Incidentally, although all of these I've shown are wall hangings, it's possible to make very large quilts with the same method. You just either a) make your strips wider, b) use more fabrics, or c) repeat your sequence of fabrics two or three or four times. It looks great, but I've never done it myself.

OK, I’m out of here. Thanks for reading.

Monday, March 17, 2008

I Am My Mother's Son

I wrote a long time ago about how I started quilting. Summary: In 1994 I was sick, I stayed with my parents for a few months, I got fascinated watching Mom quilt, and one thing led to another.

I've been wondering lately how much I've been influenced by the specific piece that Mom happened to be working on that summer. Here it is:

Now, to be clear: I would never make this specific piece in a million years. I don't know if I could, for one thing -- when my mother does something, she tends to do it right -- but also, it's a bit, well, girly, isn't it. Hearts aren't really my thing. There, I said it.

Nevertheless, I think this quilt had a really profound effect on me. Let's start with its method of construction, in which a pattern is formed from a grid mosaic of 2-inch squares (1 1/2" finished, for those of you taking notes). The first eight quilts I made were all composed with 2-inch squares; Cow Quilt, my fourth quilt [shown at right], had a few larger blocks interspersed, but the basic idea was still the 2" grid. My ninth and tenth quilts mixed things up by using different sized squares, but they were still basically grids. It wasn't until the eleventh quilt I made that I finally tore myself away and used something other than squares. It's as if the grid was what quilting was for me, because the one time I had watched somebody else quilt, that's what she was using. Any deviation from that, I had to make up on my own.

Another thing: Mom, and me, were both very impressed and influenced by the Deidre Amsden's "Colourwash" books (my first quilting memory is getting Mom an Amsden book off of her Christmas wish list and thinking, "Woah, this is awesome!"), but if you are familiar with that genre you'll notice that Mom's heart doesn't look at all like the conventional colourwash or watercolor quilt. Mom was a lot more interested in using fields of color, and that gives her piece a lot of its power.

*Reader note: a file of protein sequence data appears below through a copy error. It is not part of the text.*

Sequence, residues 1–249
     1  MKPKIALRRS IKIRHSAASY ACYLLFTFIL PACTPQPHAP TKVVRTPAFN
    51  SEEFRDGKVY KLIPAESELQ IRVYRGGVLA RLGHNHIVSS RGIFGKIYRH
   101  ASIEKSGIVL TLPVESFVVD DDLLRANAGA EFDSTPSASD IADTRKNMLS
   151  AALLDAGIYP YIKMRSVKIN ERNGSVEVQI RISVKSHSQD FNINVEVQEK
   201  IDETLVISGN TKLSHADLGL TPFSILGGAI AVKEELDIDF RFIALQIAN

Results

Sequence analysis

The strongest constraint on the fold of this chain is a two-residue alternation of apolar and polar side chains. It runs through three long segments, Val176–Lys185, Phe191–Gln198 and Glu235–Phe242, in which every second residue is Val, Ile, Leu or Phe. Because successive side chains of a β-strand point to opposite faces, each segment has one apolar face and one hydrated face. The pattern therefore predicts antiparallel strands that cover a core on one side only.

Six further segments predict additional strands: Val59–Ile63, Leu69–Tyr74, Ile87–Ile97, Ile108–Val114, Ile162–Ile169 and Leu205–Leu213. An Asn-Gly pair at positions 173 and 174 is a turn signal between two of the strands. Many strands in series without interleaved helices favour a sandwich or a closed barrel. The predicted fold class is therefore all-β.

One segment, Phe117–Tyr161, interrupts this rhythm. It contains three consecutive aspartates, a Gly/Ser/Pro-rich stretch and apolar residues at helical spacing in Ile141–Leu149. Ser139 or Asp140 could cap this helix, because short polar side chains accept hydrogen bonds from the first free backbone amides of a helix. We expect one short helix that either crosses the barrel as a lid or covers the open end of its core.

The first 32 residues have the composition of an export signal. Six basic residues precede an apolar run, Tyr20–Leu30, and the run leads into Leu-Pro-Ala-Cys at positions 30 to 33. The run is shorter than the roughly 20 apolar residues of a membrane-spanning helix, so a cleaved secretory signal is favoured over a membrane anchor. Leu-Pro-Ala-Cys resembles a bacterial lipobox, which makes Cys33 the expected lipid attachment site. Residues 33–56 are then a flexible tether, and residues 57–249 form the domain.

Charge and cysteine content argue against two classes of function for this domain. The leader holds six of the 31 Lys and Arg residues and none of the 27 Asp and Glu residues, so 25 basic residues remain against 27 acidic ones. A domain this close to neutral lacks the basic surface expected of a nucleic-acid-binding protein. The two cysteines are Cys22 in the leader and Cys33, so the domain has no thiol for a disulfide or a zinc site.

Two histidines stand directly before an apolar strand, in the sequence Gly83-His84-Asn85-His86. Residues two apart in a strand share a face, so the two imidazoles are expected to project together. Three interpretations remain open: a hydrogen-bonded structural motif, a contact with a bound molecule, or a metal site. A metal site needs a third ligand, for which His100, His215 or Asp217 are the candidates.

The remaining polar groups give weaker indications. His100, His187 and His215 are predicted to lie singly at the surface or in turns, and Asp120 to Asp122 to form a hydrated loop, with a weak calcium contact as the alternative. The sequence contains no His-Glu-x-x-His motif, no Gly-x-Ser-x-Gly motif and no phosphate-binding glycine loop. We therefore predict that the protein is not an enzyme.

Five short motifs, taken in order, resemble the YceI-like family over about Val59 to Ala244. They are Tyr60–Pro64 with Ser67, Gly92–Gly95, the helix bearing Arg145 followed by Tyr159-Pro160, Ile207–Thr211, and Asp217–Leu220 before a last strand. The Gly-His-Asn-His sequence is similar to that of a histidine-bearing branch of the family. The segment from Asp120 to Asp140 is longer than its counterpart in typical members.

Well, maybe it's just that I, too, am drawn to fields of color. Or maybe it's the influence of that heart quilt. Whichever, I can watch myself experiment with my own far less subtle fields of color all the way from my very first quilt:

...through, say, my 10th quilt, a Scrabble board:

...or my 20th quilt, the unlovely Green, Blue, Purple, the name of which gives away what I was experimenting with:

Or even this wedding quilt I made for my friends Mary Beth and Kim in 2002:

Looking through my photos, it seems like at least a good half of my quilts are still working out the implications of that first quilt I watched my Mom make, trying to create a pattern using fabric value, in the colourwash tradition, but with a fairly blunt use of pure color.

Both of these qualities, by the way -- the 2-inch grid and the colourwash-with-fields-of-color -- are running riot in the last major piece I've finished, Labyrinth, or in the Quilt Map of Oregon I showed in the last post.


All of this makes me wondered what would have happened if Mom had been working on some other project when I happened to be sick. If she had been working on one of her more classic colourwash quilts, how different would my own ideas about design be today?

Or what if she had been working on this one? I might not have ever become a quilter; I admire this all-green piece on a technical level, but I can't imagine that it would have fired up my enthusiasm for color and mosaic. If it had somehow got me quilting, I'm pretty sure that the work I'm doing today would look quite a bit different than it does.

Or here's a scary thought -- what if I had found a really good book, and hadn't gone in to watch Mom work on her quilt at all? It would have been a whole different life, I'll tell you what.

It would certainly be a whole different blog.

Sunday, March 09, 2008

Show Season